Wednesday, March 17, 2010

China 2

...The challenge now is how to persuade China to at least moderate its strategy without unleashing something even more destructive. As the decibel level has risen in Washington, Chinese officials have implicitly warned that they could retaliate by dumping Treasury bills from their central bank’s $2.4 trillion cache.

This would be risky for both countries. The move would weaken the dollar and lessen the value of China’s holdings. The United States might weather a sell-off or even benefit from the drop in the dollar’s value, but any precipitous move could further disrupt the skittish financial markets. And Beijing has other potential weapons, like tariffs and quotas. There is no guarantee of rationality in these showdowns. NYT editorial: Will China Listen?

No, there isn't a guarantee of rationality*. There is much more certainty of irrationality in varied doses on both sides. The real question is how the US allowed itself to get into this sort of position to begin with.

Ol' Blinky Ishihara once suggested that Japan dump its US holdings.** According to Blinky, although it would severely damage the US and global economy, in the end Japan and Asia would emerge from the crisis first because that's where all the quality products come from. Apparently nobody took/takes him seriously and relegated him to being a loonytune local-yokel populist (or as the US media tends to refer to the bigot: a controversial nationalist) whose ideas were good enough to get him elected and re-elected. Whatever the reason, we paid no attention.

We still don't. Paul Krugman argues that even if China did dump its US dollar holdings, it would not really have a serious effect. If he is wrong then he personally has a lot to lose....uhhh...well maybe not. Plenty of other economists disagree, but Paul has a Noble Prize. So did Milton Friedman, and I still futilely run outside hoping for money to be dropped every time a helicopter passes overhead.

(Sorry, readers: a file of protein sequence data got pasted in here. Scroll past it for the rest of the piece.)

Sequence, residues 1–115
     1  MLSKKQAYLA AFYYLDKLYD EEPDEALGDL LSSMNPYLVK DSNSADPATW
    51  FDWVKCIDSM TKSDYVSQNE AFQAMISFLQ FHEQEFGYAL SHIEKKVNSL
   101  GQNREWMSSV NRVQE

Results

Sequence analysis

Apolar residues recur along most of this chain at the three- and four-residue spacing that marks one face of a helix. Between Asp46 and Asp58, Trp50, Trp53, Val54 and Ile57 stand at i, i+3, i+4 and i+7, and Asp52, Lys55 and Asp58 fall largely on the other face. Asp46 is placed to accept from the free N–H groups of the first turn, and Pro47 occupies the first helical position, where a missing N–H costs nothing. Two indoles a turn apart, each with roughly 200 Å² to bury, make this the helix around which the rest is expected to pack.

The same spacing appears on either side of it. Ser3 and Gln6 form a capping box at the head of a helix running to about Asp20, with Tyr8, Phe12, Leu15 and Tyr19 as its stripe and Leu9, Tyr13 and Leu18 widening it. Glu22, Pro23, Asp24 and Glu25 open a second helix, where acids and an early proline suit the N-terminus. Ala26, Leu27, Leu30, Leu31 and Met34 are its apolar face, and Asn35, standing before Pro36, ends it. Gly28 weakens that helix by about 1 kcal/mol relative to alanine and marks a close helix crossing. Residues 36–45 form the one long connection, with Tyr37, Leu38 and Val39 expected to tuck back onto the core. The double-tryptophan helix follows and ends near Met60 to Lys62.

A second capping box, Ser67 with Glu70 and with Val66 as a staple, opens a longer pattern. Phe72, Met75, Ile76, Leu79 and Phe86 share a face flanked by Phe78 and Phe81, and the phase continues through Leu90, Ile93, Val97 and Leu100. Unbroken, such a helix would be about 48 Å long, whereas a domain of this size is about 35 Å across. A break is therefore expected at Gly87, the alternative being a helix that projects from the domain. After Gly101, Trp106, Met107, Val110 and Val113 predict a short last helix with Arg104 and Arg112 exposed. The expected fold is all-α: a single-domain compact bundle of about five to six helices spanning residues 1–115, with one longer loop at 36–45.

Anyway, I'll take another wild guess and assume that China, after some displays of irrationality, will ultimately "listen" to some degree. If I am right, I can write a book with a blurb on the rear that reads: "One of the visionary few who predicted that China would avoid a trade war with the US." If I am wrong, I'll claim I work for ABC News and it was simply an unfortunate slip.

Note to self: Must get a life soon.

Note to Google. Google spell check is not aware of the existence of the word "futilely" or "futily".
As an American for the US who cannot spell because I had no spelling classes except that I did, I chose the former spelling and then misspelled it. Worse than Google spell check.

*Wait, isn't rationality---according to M. Fujiwara-kun---a Western thing anyway?

**I am not able to find a link. The version I read several years ago was translated to English by a Japanese guy. It should be at least as reliable as an ABC report.


  1. "futilely"...

    (and yes, that is the whole extent of my salient contribution to the discussion)

    (I also expect China to finally comply after its usual bout of muscle-flexing... which one could point out happens increasingly frequently these days)

    (also: one could make the point that, by stopping to dump money into US treasury debt over the past decade and graciously let China take the lead, Japan *has* in effect started to reverse course on this one)

  2. After all of that, I still couldn't spell "futilely" correctly. Thanks.